What about the flavor? Why does it taste better? A seed or grain kernel is a highly concentrated package of nutrition designed to nourish new growth. Enzymes, which are small proteins that act as keys (or scissors) to break up carbohydrates or long protein chains, begin to activate when the seed is hydrated and germinated. There are a lot of implications of this activity but one is that nutrients are freed up, as are various sugars that can serve as food for both yeast and lactic bacteria (the good kind), resulting in better flavor and a richer color (that is, better eye appeal, not to be taken lightly when it comes to how we enjoy our food).
Do you address the gluten-free movement in Bread Revolution? I did not want to repeat what I wrote in my previous book, The Joy of Gluten-Free, Sugar-Free Baking, but Bread Revolution does offer a few new gluten-free recipes that feature sprouted gluten-free flours and nut flours. New information is coming out every day to clarify some of the misconceptions and false assumptions surrounding gluten and other allergens, so this category will continue to be an important part of the bread revolution.
Any new discoveries about sourdough bread? I keep learning more and more about the micro-biology underlying sourdough bread, so I included my latest findings in this book. As the research shows, there is something very different about bread made with natural wild yeast starters (aka natural leaven) as opposed to commercial yeast. I think that even more information is still to come that will show the health and digestibility benefits of naturally leavened bread, both whole grain and white flour versions.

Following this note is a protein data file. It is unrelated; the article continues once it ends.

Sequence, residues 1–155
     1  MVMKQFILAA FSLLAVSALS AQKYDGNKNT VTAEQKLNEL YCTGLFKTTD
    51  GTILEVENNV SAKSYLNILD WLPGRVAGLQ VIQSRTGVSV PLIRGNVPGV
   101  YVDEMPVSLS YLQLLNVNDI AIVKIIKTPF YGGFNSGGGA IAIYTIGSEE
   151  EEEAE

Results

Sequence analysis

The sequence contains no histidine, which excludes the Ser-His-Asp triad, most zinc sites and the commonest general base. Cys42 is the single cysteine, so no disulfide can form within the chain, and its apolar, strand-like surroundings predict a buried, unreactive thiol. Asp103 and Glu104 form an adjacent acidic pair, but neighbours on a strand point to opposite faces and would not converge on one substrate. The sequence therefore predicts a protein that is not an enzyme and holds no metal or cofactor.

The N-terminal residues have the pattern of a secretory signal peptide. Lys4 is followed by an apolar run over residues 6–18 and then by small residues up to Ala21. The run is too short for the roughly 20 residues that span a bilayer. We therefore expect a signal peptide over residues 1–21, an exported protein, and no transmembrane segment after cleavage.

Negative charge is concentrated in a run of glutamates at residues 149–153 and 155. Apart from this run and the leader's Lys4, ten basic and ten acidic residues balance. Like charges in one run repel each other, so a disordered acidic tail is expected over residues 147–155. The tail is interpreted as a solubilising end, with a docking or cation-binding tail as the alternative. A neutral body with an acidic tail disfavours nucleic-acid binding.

Besides sprouted grains, what other “new frontiers” are happening in the bread world? The book takes a peek at flours made from grape skins and grape seeds, as well as varietal grape seed oils. In addition, I profile a new grain product called ProBiotein that serves not only as a healthy pre-biotic fiber supplement but also acts like a sourdough starter when added to bread dough. Flour made from the dried outer husks (called the “cherries”) of coffee beans also shows great promise in both culinary application and also in the natural healthcare market. In the last chapter, I explore the next new frontier by profiling a baker who has come up with a unique method of creating one-time-use starters.
How big do you think these new frontiers will get? Gluten-free went from a fringe movement to a multi-billion dollar industry, but not every new bread frontier tips over into something major. Sometimes a small wave can lead to a larger one later on, though; for example, I’m not convinced that grape skin flour will make a huge impact in bread baking, per se, but it clearly has many other nutritional and flavor implications that could inform health care products. I do believe sprouted grain flour is going to be a game-changer, which is why it’s the focus of this book.
You also wrote about an unusual sourdough bread method. Can you give us a little preview? A baker friend taught me a new method that involves making a starter using hand-squeezed (through a cheesecloth) apple, pear, or peach juice added to flour. He influences the flavor by resting various ingredients on top of the starter bowl to draw out particular micro-organisms. He uses parmesan cheese, coffee beans, and different types of fruit to create subtle flavors. He uses the starter only once, instead of feeding it to keep it going, because he worries that the starter will change its flavor profile if it is refreshed, which will cause him to lose control of the taste. A very interesting chapter.
What’s next? Are there bread frontiers not yet seen; any predictions? Considering that humans have been making bread for at least 6,000 years, it’s amazing that we’re still learning new ways to make it even better. Enzymes, bacteria, new strains of yeast, selective and directed seed breeding, small regional mills using locally-grown flour--the growth never seems to end. I think we’re actually headed into a golden era for bread. I’m thrilled to see what’s next!